Philadelphia 27th Decr 1781
I have been honoured with the Resolve of Congress of the 20th Inst., directing me to make Inquiry into the powers and conduct of the Board of Directors to the Associated Loyalists in New York. I shall pursue such steps, as will be most likely to promote the ends which Congress have in view.
I have taken the liberty, of inclosing the Copies of two letters of the 23d and 24th Instant, from the Commissary General of Prisoners, setting forth, the debt that is due from us on account of Naval prisoners—the Number remaining in Captivity—their miserable situation, and the little probability there is of procuring their release for want of proper Subjects in our hands.
Before we proceed to an enquiry into the measures which ought to be adopted, to enable us to pay off our debt, and to effect the exchange of those who still remain in Captivity—a matter which it may take up some time to determine—Humanity and policy point out the necessity of administring to the present pressing wants of a Number of the most valuable subjects of the Republic—Had they been taken in Continental service, I should have thought myself Authorized in conjunction with the Minister of War to have applyed a remedy, but as the greater part of them were not, as appears by Mr Skinners representation I must await the decision of Congress upon the Subject.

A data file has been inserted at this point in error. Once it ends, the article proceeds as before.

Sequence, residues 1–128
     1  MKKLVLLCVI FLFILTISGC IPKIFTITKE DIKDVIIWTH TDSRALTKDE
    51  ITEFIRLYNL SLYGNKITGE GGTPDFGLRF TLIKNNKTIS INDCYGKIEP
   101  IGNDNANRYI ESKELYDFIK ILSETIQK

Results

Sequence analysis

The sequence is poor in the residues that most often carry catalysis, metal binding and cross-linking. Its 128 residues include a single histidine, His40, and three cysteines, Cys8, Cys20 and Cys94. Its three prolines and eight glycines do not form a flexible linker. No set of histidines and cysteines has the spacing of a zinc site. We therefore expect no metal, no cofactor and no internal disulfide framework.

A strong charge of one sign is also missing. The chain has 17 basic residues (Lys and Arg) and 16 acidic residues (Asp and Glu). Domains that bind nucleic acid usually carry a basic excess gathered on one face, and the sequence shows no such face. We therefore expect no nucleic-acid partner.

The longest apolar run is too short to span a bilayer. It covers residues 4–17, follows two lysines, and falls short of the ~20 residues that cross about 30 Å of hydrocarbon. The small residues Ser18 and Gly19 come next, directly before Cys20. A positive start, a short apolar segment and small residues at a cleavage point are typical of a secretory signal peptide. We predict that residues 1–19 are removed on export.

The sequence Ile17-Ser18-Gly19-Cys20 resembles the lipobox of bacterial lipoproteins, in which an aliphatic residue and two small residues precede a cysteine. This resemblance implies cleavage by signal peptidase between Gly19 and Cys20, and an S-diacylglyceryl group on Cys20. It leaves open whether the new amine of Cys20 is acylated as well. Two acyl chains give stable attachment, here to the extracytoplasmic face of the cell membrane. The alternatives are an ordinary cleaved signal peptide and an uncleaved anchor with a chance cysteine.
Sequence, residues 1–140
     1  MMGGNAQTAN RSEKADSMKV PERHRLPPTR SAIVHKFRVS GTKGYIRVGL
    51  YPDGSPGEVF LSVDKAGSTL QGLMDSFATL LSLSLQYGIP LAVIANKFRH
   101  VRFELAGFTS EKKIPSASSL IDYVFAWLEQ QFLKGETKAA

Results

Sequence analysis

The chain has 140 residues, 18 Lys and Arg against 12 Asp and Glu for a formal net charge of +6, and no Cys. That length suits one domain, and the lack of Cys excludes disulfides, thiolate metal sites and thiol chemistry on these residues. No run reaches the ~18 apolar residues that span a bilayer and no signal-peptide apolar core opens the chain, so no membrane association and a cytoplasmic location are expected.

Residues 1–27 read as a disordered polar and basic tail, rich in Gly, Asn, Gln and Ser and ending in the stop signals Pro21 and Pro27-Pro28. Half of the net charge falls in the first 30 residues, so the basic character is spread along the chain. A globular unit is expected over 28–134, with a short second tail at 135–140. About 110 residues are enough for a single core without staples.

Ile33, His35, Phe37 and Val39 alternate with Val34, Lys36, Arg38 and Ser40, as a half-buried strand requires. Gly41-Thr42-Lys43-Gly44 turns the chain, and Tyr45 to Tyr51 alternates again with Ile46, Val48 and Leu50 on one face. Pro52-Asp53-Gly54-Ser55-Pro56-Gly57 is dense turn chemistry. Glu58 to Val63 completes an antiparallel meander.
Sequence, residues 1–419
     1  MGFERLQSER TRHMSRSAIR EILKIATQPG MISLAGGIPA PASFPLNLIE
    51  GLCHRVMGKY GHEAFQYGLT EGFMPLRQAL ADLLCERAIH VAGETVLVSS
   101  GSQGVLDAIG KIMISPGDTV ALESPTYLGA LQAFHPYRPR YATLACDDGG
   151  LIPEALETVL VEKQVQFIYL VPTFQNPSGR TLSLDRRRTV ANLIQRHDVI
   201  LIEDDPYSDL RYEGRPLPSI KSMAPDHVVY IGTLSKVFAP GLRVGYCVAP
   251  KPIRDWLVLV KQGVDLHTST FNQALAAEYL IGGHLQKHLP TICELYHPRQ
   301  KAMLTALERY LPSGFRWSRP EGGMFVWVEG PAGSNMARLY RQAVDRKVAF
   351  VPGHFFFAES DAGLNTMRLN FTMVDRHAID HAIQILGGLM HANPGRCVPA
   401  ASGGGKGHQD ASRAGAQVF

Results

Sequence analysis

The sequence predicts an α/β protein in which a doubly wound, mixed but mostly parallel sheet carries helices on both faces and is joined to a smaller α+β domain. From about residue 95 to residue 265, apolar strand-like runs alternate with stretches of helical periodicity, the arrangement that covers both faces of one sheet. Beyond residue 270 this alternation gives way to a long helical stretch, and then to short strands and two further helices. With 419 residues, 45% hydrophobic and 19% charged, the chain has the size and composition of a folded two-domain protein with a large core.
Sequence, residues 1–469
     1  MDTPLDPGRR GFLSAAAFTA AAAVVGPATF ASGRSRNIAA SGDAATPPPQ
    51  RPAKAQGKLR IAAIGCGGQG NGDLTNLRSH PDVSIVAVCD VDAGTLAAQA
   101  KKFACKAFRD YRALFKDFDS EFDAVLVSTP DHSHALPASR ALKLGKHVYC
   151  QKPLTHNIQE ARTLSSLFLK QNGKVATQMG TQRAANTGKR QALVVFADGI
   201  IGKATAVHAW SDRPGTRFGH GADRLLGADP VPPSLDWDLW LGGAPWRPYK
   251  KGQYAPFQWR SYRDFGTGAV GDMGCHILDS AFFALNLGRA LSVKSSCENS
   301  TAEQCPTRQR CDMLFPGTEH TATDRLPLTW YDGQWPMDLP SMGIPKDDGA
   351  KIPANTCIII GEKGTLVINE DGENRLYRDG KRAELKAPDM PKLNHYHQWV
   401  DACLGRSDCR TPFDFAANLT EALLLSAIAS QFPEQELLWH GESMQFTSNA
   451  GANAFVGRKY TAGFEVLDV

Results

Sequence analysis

Had a System some time past planned by Congress, and recommended to the several States, been adopted, and carried fully into execution, I mean that of Obliging all Captains of private Vessels, to deliver over their prisoners to the Continental Commissaries upon certain Conditions, I am persuaded that the Numbers taken, and brought in to the many ports of the United States, would have amounted to a sufficiency to have exchanged those taken from us: But instead of that, it is to be feared that few in proportion are secured, and that the few which are sent in, are so partially apply’d, that it creates great disgust in those remaining; The consequence of which is, that conceiving themselves neglected, and seeing no prospect of relief, many of them enter into the Enemy’s service, to the very great Injury of our trading interest—Congress will therefore I hope, see the necessity of renewing their former, or making some similar recommendation to the States.
In addition to the motives abovementioned, for wishing that the whole business of prisoners of War might be brought under one general Regulation, is another of no small consideration—which is, that it would probably put a stop to those mutual complaints of ill treatment which are frequently urged on either part.
For it is a fact, that for above two years we have had no reason to complain of the treatment of the Continental land prisoners in New York, neither have we been charged with any improper conduct towards those in our hands.
I consider the sufferings of the Seamen for some time past, as arising in a great measure from the want of that general regulation which has been spoken of; and without which there will constantly be a great number remaining in the hands of the Enemy. I have the honor to be with the greatest respect Your Excellency’s Most Obedient & very Humble Servt
DNA: Item 152, Letters from George Washington, PCC—Papers of the Continental Congress.